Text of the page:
For China, the economic crisis is over. After more than a year of decline amid the global recession, the country's exports are growing again. In December, they were up almost 20 per cent on 2008. The European Union's exports are still 20 per cent down.
Given this contrast, China's good news will trigger a fresh wave of attacks on Beijing's exchange-rate policies. Having kept the national currency cheap for years by buying hundreds of billions of US dollars with freshly printed yuan, China has maintained an unbeatable price advantage for its exporters.
The dire state of the domestic labour market will pave the way for a new round of China-bashing in the US. There is a growing feeling that China is delivering consumer goods that could just as well be produced by unemployed American workers. During the 2001 recession, the US Congress debated placing a whopping 27.5 per cent punitive tariff on Chinese goods, should Beijing continue to resist appreciation. Now, with unemployment at 10 per cent, the pain for US workers is much worse. It is only a matter of time before Washington acts.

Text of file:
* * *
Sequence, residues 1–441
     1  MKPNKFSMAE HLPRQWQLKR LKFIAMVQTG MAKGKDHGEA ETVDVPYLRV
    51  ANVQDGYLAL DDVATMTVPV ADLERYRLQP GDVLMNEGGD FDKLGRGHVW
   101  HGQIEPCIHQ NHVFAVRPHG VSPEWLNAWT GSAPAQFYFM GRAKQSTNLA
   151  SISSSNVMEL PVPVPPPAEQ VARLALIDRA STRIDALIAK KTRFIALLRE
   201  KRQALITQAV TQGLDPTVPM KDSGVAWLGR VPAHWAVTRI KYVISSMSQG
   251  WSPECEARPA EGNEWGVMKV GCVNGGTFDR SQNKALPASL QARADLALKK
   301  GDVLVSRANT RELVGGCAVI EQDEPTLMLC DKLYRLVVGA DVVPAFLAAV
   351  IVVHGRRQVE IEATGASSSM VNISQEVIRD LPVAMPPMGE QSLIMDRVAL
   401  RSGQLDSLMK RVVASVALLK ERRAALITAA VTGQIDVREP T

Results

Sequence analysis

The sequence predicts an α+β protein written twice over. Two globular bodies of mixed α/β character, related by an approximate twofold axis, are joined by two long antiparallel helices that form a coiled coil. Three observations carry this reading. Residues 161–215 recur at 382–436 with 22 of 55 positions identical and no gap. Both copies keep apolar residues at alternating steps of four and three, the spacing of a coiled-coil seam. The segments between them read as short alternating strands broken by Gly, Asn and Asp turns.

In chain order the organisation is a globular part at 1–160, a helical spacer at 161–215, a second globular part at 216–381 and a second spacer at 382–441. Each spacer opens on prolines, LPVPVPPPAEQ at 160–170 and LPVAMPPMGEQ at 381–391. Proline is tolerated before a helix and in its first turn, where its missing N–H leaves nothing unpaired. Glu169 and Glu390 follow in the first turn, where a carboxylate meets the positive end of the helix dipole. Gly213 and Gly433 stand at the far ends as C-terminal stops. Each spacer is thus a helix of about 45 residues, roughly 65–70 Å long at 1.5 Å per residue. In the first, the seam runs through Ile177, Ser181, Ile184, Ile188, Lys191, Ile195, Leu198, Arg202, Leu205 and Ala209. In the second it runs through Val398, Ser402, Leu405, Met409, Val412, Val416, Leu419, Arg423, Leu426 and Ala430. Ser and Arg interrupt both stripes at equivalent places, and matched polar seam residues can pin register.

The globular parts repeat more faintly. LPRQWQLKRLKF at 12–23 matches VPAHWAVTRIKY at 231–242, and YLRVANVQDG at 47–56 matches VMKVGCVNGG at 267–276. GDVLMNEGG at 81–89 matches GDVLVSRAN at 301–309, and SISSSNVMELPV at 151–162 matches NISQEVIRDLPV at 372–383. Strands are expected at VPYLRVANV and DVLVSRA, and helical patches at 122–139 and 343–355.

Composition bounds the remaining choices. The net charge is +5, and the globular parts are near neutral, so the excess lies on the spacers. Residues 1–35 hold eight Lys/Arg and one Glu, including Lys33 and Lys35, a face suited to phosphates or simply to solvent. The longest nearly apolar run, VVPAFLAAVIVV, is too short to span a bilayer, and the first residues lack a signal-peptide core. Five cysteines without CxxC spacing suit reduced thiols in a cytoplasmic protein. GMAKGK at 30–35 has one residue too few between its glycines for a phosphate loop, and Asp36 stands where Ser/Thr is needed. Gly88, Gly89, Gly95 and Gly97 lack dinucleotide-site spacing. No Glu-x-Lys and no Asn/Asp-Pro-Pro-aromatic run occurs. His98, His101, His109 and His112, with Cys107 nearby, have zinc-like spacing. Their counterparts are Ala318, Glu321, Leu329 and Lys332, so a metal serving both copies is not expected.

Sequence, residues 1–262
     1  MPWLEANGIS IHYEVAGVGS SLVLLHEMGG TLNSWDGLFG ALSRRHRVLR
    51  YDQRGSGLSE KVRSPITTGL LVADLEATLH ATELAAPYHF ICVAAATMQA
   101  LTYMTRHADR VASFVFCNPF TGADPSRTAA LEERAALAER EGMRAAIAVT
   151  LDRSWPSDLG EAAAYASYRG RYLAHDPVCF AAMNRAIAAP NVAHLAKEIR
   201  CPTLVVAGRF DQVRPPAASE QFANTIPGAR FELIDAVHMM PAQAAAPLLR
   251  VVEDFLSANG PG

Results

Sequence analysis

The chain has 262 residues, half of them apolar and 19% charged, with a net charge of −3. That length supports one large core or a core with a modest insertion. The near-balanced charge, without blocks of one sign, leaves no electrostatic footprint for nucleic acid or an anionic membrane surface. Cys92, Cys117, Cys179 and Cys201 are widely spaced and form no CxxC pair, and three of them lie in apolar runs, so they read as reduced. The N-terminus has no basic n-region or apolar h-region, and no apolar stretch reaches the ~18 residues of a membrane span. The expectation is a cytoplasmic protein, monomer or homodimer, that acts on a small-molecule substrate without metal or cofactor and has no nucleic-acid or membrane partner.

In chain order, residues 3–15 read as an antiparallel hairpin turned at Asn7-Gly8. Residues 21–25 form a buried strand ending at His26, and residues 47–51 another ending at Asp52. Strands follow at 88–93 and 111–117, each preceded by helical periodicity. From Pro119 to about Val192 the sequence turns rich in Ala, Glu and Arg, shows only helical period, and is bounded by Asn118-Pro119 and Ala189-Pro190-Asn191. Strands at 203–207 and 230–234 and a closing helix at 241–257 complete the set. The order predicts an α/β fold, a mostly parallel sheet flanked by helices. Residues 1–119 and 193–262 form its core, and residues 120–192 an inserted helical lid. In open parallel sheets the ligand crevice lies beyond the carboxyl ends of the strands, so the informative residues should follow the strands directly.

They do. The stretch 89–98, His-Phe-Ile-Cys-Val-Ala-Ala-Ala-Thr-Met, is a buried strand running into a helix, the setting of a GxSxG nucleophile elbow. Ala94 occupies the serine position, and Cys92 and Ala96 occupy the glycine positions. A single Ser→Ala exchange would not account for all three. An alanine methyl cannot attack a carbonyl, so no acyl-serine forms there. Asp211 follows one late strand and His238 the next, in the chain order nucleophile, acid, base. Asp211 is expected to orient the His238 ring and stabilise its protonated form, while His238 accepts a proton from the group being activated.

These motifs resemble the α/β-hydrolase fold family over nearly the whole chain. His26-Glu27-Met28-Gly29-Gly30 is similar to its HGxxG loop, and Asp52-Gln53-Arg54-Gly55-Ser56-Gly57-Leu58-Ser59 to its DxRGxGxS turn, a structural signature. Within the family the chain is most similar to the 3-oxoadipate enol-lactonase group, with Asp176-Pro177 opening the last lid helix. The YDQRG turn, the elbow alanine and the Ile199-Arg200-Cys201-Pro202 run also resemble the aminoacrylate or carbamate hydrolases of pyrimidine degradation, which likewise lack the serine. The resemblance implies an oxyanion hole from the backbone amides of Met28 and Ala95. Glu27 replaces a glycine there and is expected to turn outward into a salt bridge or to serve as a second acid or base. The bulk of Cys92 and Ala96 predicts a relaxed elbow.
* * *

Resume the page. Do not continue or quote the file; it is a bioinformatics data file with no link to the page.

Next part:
However, Beijing is unlikely to budge any time soon. Although the government is eager to avoid trade conflicts with the rest of the world, one objective takes priority above all others - preventing social unrest at home. As any major rise in the yuan puts workers in the export sector at risk of losing their jobs, Beijing will only allow the currency to appreciate very slowly.
Sebastian Dullien is a professor of economics at the University of Applied Sciences, Berlin